Void types with type parameters?


Is there a way to express the idea of a void/never/uninhabited type with type parameters (also void) for doing type-level things? Is there a void equivalent of PhantomData? Is it even meaningful?


struct Void<T> {
    _never: !,
    _phantom: PhantomData<T>,




Yeah, that’s why I used it in my example :wink:

I guess I’m asking a theory question about whether a type containing ! and some other type is equiv to !. I guess it is because the ! prevents it from ever being instantiated, so the size doesn’t matter (ie, it need not be PhantomData).


I still get 4 for mem::size_of::<(!, i32)>(), though who knows, I could see that changing to 0. It may come into effect for enums, like Result<T, !>. If that error type were something larger that happened to contain a !, it will currently still take up space.


If I’m understanding you, I think the answer is no - they’re not equivalent. A type containing ! should not take up space for that field, so it’s like a ZST in that sense. What it does add over existing ZST is ability to cast ! to any other type, including traits (I believe). But I don’t think it makes a type containing ! and other types into a ! as a whole.

Curious what type level use case you have in mind for this?


Curious why you think that should have 0 size?


I’m carrying around a bunch of related types as associated types on a trait and some static methods. It’s used as a type parameter on a function, or in a phantom field of a non-void type. I don’t care about the type that implements the trait, but for cleanliness it shouldn’t ever be instantiated.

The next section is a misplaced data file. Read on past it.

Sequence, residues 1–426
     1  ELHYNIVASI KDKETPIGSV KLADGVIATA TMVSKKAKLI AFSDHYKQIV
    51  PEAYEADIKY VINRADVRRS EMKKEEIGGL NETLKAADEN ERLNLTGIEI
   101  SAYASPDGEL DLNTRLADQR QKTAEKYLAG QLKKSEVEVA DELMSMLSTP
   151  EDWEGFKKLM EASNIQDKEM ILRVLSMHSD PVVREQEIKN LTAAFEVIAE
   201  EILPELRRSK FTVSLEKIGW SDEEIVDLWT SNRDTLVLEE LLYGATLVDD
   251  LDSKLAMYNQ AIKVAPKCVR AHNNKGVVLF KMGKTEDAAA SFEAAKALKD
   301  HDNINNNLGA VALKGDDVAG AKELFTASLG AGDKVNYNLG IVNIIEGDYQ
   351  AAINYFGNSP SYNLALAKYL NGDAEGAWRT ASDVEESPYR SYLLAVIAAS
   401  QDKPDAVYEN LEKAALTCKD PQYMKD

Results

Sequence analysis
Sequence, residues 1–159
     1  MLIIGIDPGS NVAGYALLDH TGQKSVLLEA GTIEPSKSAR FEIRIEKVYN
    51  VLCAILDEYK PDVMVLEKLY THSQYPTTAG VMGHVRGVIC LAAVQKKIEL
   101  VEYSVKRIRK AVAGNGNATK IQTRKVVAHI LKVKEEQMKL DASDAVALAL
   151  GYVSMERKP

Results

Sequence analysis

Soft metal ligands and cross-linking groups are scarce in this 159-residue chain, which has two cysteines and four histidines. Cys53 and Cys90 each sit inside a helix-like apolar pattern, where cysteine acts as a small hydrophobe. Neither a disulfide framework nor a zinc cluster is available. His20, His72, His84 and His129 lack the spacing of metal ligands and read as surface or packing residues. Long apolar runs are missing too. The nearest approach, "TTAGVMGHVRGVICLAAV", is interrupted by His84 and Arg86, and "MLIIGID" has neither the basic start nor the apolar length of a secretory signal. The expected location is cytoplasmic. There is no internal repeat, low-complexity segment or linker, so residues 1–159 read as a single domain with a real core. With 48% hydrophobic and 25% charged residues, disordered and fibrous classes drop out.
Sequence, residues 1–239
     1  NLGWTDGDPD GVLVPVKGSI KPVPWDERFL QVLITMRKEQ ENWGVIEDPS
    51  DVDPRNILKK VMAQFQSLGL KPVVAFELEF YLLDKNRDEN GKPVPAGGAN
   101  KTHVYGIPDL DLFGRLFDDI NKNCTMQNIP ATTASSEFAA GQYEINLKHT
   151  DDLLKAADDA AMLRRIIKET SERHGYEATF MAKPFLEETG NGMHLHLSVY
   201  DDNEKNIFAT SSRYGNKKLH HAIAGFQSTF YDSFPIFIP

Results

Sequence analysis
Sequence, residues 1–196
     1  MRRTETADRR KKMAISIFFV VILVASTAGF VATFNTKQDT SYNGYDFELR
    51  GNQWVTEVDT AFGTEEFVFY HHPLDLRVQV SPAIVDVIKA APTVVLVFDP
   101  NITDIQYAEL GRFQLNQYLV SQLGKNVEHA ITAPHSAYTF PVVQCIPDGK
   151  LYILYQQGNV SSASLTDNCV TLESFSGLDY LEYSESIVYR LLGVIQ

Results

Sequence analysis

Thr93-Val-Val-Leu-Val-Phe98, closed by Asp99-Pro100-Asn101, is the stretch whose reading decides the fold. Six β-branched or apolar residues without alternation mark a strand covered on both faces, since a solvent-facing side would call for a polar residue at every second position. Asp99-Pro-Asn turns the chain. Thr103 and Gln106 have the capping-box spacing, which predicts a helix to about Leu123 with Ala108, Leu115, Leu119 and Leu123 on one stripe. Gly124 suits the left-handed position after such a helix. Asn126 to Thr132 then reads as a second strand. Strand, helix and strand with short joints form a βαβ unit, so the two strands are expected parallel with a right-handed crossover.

I’m in a prototyping stage and it could end up being a mistake, (ie I do need the type to be instantiated - the methods may need self).

In other words, I don’t need it to be equiv to ! in the sense of being Bottom.


I think you could reasonably prune away types containing !, much like how LLVM may prune a bunch of code if it leads to something flagged unreachable. (Although type layout should be independent of optimization level.) So if a (!, u32) can never be instantiated, we could give it any size we want – might as well be zero.


In fact I wonder if this layout refactoring will do pruning just like that:


I was about to say that I would be surprised if there was any code that could possibly benefit from optimizing size_of::<VoidLike>()

but I suppose you can waste stack space with it on Debug mode.

enum Void {}
struct DeadBeef<T> {
    _void: Void,
    _value: T,

// constant fold THIS!!!
fn sum_of_primes_under(limit: i64) -> i64
{ (2..limit).filter(|&p| (2..p).all(|k| p % k != 0)).sum() }

fn main() {
    if sum_of_primes_under(100) != 1060 {
        // This branch is never entered.
        // The stack overflow actually occurs much earlier, upon entry to main.
        let x: DeadBeef<[i64; 1000000000000]> = unsafe { ::std::mem::uninitialized() };
    Finished dev [unoptimized + debuginfo] target(s) in 0.52 secs
     Running `target/debug/playground`

thread 'main' has overflowed its stack
fatal runtime error: stack overflow